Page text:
So many walls these days. The Israeli security one. The one President Trump wants to build along the Mexican border. The “Wall of Steel” erected around London’s Winfield House, where the president spent a night last week. And that older, conceptual wall, the one separating “church” and state — or, put more precisely, religion and government.
Interestingly, the U.S. Constitution nowhere refers to such a construct. It was erected, piecemeal, over the years, its popularization beginning with its use by Thomas Jefferson, in an 1802 letter.
When Justice Anthony Kennedy announced last month that he would be retiring from the Supreme Court, while Chicken Little was apparently unavailable, there was no lack of squawking in some circles over the imminent falling of the sky. The specter of a conservative-leaning High Court left some commentators and legislators aghast.
And they weren’t much mollified by the president’s nomination of Judge Brett Kavanaugh to replace Justice Kennedy, even though the nominee was regarded by some conservatives as not sufficiently on board with their program.
House Minority Leader Nancy Pelosi tweeted that Judge Kavanaugh’s confirmation would prove “a destructive tool on a generation of progress for workers, women … communities of color & families.” Democratic Senator Richard Blumenthal attributed to the nominee, “a very extreme hostility to many of the precious rights and liberties that make our nation great.” And so it went.
But, despite the harsh interrogation Mr. Kavanaugh will face from the Senate Judiciary Committee, and barring a revelation that he tortures small animals in his spare time, the judge is likely to be confirmed as the newest member of the High Court.
The nominee’s non-fans and fans alike seem focused on what his joining the Court will mean for the Roe v. Wade decision, and on his past position regarding presidential privilege. But what might matter most, especially to those of us who hold conservative social and moral positions, will be Justice Kavanaugh’s approach to the aforementioned wall. There is some evidence that he feels it might stretch too high.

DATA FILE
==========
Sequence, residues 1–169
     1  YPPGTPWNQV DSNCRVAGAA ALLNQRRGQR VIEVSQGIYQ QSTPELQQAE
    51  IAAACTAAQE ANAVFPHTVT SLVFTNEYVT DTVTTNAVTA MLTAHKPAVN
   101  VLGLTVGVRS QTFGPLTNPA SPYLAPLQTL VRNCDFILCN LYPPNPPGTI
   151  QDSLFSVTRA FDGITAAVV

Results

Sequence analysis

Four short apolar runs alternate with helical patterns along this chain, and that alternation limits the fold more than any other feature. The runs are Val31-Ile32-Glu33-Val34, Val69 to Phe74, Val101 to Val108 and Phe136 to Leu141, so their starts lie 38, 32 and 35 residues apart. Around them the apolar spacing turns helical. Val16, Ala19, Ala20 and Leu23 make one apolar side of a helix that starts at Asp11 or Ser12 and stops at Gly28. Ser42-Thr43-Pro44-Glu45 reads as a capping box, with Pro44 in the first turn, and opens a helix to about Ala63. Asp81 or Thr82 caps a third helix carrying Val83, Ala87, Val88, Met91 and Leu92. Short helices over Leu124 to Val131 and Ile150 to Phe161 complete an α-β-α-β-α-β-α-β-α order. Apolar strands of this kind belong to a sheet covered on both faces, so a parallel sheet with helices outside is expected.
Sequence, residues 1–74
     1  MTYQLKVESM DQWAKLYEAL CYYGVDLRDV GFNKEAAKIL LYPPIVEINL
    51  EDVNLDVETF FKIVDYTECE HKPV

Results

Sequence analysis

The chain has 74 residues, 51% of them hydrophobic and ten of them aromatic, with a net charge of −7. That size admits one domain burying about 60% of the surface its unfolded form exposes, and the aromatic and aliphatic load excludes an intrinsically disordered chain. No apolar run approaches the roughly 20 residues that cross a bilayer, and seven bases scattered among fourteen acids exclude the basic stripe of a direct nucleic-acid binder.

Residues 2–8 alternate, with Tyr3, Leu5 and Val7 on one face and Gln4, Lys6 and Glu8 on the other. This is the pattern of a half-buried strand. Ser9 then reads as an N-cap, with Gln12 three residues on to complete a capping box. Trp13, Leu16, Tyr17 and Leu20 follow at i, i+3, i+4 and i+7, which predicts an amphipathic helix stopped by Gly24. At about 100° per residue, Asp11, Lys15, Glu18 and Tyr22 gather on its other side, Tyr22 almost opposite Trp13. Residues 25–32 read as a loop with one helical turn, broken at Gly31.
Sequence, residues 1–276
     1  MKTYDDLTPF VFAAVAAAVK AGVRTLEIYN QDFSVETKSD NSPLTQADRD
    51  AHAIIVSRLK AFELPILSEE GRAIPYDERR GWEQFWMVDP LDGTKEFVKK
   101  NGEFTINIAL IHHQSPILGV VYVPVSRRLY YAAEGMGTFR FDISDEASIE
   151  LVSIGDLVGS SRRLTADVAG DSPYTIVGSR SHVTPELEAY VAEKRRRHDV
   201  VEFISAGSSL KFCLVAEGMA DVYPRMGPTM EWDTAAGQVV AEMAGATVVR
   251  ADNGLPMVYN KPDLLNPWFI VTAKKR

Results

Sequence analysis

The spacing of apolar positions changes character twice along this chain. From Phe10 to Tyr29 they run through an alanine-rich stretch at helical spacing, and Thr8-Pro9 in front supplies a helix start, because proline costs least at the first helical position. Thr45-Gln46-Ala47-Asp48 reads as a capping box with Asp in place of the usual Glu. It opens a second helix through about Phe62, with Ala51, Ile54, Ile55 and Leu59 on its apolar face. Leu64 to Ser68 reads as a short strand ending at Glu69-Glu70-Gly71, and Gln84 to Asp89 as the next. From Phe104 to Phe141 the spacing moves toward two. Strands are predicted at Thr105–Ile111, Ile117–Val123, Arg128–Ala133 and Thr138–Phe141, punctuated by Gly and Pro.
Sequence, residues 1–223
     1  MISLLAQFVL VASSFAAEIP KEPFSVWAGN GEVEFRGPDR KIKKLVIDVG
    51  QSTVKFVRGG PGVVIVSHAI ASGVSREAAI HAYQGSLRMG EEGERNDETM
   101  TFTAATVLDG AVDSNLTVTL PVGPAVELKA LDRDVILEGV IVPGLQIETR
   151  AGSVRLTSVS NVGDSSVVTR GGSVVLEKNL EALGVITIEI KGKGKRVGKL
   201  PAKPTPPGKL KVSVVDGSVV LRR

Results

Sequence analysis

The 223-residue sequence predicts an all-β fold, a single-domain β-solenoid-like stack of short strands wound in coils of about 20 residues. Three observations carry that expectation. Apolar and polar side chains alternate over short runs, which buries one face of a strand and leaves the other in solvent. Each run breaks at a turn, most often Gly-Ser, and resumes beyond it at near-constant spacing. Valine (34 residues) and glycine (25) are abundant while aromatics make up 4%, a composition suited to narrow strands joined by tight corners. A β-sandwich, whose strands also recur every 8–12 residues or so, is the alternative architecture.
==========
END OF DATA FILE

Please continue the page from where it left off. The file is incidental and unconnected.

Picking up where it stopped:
The separation of religion and state was originally binding only on the federal government. After the Civil War, though, the 14th amendment made all states subject to rule by the federal Constitution, opening the way for courts to apply to the states the First Amendment’s prohibition of laws “respecting an establishment of religion, or prohibiting the free exercise thereof.”
That second phrase, the “free exercise” clause, is likely to play a major role in future Supreme Court decisions.
The current High Court has already moved a bit away from seeing that barrier as extending into the stratosphere. It ruled that a closely-held, for-profit religious company should not have to provide its employees with insurance covering services that go against the company owners’ faith. And that a church could access state funds to build a playground. And that members of a Colorado commission had shown “hostility” and “disrespect” for the religious views of a baker who declined to make a wedding cake that offended his religious beliefs.
The likelihood that respect for the beliefs of religious Americans will continue to be a prominent feature of the future High Court is important.
Because, in the contemporary libertine social climate, religious Americans are finding themselves facing litigation aimed at forcing them, in their businesses, and even their private lives, to defer to objectionable societal attitudes. They are discriminated against by ad hoc zoning ordinances wielded by prejudiced people. They are assailed for wanting to educate their children as they see fit, and are called bigots for their sincere beliefs about proper human conduct.
There will continue to be division among Americans over the proper relation of religious convictions to the body politic and the lives of individuals. But a socially conservative-majority Supreme Court, we can reasonably hope, will take religious Americans’ concerns fully into consideration as it deliberates on religious rights’ cases brought before it.
Thomas Jefferson may have made the concept of a “wall” between religion and government famous, but the metaphor’s earliest use was in 1644, when Roger Williams, the founder of the Colony of Rhode Island and Providence Plantations (which would become the state of Rhode Island) wrote that “[A] hedge or wall of separation between the garden of the church and the wilderness of the world” was necessary to ensure colonists’ freedom of religion.
I think his first mashal is the better one. “Hedge” conjures a less charged image than “wall.”
And hedges, as we all know, need occasional trimming.